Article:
Embracing the Change
Parenting teaches us many lessons that may not come easy and yet they come to us none the less. Life before parenting defines freedom, a freedom that feels both good and lonely in its lack of structure. I remember longing for the days when I could wake up in my bed knowing that my home was my landing point, not an in-between life phase but rather the place where I had settled. And then the word hits me like a ton of bricks…settled….into…what? My husband and I are quite nomadic by nature, I suppose all humans are and perhaps some of us simply embrace the age old tradition more than others. Months after meeting, my now husband, we moved to South Korea for a year, Michigan for a year, Houston for two years and Colorado for a decade. Letting the universe take us where it wanted and enjoying the flexibility while craving the stability that was yet to come. Once we landed and planted some roots in Colorado we found ourselves surrounded by the most fortunate of circumstances. Living in a gorgeous North Boulder home, with our daughter attending top schools in the area, working a flexible schedule and surrounded by friends that are irreplaceable. Yet this word; settled, was festering in the back of our minds. Not because we don’t appreciate what we have, not because we are not thankful but because we, my husband I are refusing to let the life we have prevent us from possibility. Possibility of failure? Of course, possibility of hard times? It is an option. But possibility is what keeps us going, what keeps us feeling connected to ourselves.
It is hard reaching for what may be next. It is hard to accept change and the possibility of what else is out there. We are taking this life that we have, fortune and all and we are moving it west to California. I wish I could recall what exactly happened that brought us to this point and perhaps one day, when the noise has quieted and the tiny footsteps have made tiny footsteps of their own I will. Perhaps I will be able to sit and stare at a wall of photos that so quickly and elegantly wraps up our life in a few sweeps of the eye. For now I know that we are trading in the gorgeous home and top tier schools for the opportunity to be closer to family, to have support for this family of four we have created and to follow this nomadic adventure that we love. We have spent 10 years in Boulder and while it has been filled with wonder and joy it has also been void of something that my husband and I treasure deeply which is the opportunity to travel and see this big beautiful world. Parenting without family close by is comparable to parenting on an island. The ability to feel supported and to let go of the stress even for a moment doesn’t exist. It is time for us to choose a life that allows a let-down of stress and of feeling like the Atlas for our family, holding up our entire world for fear of letting go even for a moment.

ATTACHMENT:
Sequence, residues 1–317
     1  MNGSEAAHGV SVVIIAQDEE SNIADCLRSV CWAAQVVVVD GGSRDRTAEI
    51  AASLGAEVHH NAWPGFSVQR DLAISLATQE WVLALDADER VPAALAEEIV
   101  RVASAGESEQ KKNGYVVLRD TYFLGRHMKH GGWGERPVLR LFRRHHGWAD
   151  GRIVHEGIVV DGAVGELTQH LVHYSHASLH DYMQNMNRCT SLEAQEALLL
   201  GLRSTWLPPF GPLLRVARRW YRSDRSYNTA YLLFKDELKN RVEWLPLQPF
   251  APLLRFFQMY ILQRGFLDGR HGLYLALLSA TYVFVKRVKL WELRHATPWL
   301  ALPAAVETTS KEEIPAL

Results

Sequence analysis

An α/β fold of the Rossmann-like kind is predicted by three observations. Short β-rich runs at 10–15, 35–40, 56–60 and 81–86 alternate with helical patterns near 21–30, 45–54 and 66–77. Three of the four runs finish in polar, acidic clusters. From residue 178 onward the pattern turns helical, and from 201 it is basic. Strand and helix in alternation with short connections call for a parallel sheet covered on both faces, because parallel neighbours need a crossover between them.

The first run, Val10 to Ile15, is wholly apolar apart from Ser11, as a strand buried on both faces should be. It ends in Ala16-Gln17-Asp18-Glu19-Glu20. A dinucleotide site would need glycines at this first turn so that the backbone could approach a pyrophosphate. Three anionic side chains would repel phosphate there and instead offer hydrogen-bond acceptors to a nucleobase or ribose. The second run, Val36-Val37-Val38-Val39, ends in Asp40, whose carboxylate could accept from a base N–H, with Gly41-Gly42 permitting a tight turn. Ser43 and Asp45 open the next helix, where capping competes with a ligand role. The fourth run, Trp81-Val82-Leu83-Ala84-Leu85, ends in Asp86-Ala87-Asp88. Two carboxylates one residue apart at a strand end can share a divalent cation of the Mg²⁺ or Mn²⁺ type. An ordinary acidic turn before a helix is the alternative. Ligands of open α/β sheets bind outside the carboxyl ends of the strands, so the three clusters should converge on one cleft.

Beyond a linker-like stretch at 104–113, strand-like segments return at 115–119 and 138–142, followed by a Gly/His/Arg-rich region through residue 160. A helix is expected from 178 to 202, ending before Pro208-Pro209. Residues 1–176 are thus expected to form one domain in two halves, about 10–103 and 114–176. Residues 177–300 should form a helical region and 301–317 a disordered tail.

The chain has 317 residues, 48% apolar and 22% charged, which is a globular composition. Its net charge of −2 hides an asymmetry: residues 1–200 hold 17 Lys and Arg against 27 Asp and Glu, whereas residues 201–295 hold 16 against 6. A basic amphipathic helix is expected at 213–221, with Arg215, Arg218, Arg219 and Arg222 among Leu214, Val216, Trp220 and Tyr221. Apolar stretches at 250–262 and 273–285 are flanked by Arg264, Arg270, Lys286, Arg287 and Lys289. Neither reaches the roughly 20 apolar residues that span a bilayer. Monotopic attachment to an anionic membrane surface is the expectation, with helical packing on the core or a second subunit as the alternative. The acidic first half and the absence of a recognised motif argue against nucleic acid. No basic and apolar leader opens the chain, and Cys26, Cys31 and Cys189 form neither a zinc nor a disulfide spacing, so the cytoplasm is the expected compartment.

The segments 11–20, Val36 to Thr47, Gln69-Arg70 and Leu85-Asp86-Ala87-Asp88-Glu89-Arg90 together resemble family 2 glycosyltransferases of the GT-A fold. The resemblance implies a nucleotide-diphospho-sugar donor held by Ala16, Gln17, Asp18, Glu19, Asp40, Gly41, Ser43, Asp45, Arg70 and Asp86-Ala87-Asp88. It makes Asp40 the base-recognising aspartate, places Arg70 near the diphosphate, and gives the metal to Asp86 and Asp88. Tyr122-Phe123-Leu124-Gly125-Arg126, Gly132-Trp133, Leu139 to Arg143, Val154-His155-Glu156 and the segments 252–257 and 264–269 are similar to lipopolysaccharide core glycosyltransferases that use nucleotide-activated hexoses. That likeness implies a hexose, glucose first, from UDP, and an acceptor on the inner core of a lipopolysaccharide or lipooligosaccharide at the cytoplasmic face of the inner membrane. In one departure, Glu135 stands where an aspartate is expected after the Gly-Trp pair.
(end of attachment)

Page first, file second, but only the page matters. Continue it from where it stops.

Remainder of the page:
The hardest part is embracing the change, letting go of the stigmas that come along with cashing in your million dollar home for a box on the western coast. The anger that comes from leaving friends and the sadness born from starting a new chapter. It is not easy to pack up your life, to tell your child that she must say goodbye to her friends and to know that your best friends in the world will be thousands of miles away. We worry about our daughter perhaps because it is easier to worry about her being able to embrace the change rather than focusing on our own inability to do so. Children are incredibly adaptable, they flex when they fall when we might break. They see possibility where we see anxious environments and they let go when we as adults hold on as tightly as we can. It is not my daughter I worry about, she will be fine. Both my girls (six and five months) will adapt to our new world, they will find friends, thrive in their environment, learn from the world around them and build memories to fill the void of the world they once new. If we did not have this faith in our children ability to grow from this we would not be doing it. As adults this transition is not quite as simple, we hold on tighter to the chapters before now. We fear making the wrong decision, we ultimately worry that while we aren’t happy, we might be even less so if we change. So we stay, grounded, routed, sedentary, sane. So here we go, we are embracing the change and to quote an unknown genius “smile, tomorrow may be worse”.
I look forward to that wall of memories, to the split second my eyes will spend flitting from photographs of Boulder to California and how this monumental decision and change will be nothing more than an inch of wall space between to photographed memories.
I am a mother, not a wizard. I share what is hard, what is scary and what is real. The rest I leave to you.